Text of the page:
It’s May the 4th! Here’s 5 Things You Probably Didn’t Know About Star Wars Books
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It seems like every day has been Star Wars Day lately, but today really is because “May the Fourth” sounds a little like the phrase “may the force…be with you.” And so, all around the world, for no reason whatsoever other than it’s a mildly clever pun, people are celebrating Star Wars Day. (And have been since 2011 ) For the bookish, this may seem like a day that leaves you out, since we all know Star Wars is just a cinema achievement of pop culture appropriation, special effects, and cheesy dialogue. But in book form, Star Wars is a juggernaut. Not only are there way more Star Wars books than there are movies, but the hours fans have spent reading those books probably outnumbers even the hours we’ve spent complaining about Jar-Jar Binks.
So, for May the 4th, check out five facts about Star Wars books which will either make you want to read them, re-read-them, or get back to writing your own sexy Ewok fan fiction.
The First Star Wars Book Published Six Months Before the Film Released, Confused Everyone
Because Star Wars was initially supposed to be released in the winter of 1976, pre-release promotional materials were out in the world early. True, novelizations about popular films generally come out a month or two before the film they adapt, but back in 1976, having a novel titled Star Wars: From the Adventures of Luke Skywalker hanging out in bookstores a whole half a year prior to the movie coming out created a strange and unique phenomenon. The book was published in November of 1976 and by February of 1977 was already in its second printing. For some, this created the urban myth that Star Wars was a book “first,” which semantically speaking, in terms of public release, is sort of true. The novel’s author is “George Lucas,” which again, is true in a roundabout way since this book was based on his screenplay. However, the novelization was actually written by science fiction and tie-in-media giant Alan Dean Foster. Not shockingly, Foster had written several book-versions of Star Trek episodes prior to doing the Star Wars novelization, and to this day (in addition to his own work) continues to do novelizations of big movies. In 2009, the J.J. Abrams Star Trek film released a novelization of that screenplay. Guess who wrote that book?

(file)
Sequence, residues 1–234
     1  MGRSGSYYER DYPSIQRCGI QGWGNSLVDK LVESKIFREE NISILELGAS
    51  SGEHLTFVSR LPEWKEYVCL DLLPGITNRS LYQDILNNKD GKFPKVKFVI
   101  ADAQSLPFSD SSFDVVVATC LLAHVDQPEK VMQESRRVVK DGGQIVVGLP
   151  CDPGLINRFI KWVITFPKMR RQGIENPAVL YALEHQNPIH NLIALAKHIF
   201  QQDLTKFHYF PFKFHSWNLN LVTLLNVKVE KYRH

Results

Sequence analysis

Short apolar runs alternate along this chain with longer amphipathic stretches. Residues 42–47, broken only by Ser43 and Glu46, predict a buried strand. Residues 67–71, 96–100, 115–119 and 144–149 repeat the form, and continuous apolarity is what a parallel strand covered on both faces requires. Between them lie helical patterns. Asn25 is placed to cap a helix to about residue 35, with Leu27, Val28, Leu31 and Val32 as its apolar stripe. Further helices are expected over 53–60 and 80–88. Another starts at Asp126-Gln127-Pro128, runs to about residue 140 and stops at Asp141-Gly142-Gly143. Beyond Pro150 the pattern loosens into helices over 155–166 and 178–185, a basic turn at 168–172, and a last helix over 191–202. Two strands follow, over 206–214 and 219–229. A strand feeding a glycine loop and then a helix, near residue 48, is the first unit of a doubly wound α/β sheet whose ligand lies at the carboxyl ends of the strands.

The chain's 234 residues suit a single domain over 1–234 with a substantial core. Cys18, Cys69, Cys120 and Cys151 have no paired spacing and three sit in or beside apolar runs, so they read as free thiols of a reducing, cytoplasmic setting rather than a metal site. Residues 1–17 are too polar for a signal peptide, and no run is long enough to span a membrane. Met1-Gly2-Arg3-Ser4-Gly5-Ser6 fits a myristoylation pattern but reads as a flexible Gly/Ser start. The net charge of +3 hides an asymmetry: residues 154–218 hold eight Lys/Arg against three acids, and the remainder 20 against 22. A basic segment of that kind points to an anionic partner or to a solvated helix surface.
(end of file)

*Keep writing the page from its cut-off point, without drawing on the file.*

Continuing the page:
The Second Star Wars Book Ever Was Written as a Low-Budget Possible Sequel
While unsure if Star Wars was going to be a success, Ballantine/Del Rey books and Lucas had commissioned Foster to write a second Star Wars novel called Splinter of the Mind’s Eye, which was eventually published in 1978. This time, instead of hiding under George Lucas’s name, Alan Dean Foster was given full credit for his novel. This is was the first “original” Star Wars novel ever, and even attempted to “explain” how the Force worked by introducing an element called “the kaiber crystal.” These days, “kyber crystals” show up in the various canonized Star Wars cartoons and are part of how and why lightsabers supposedly “work.”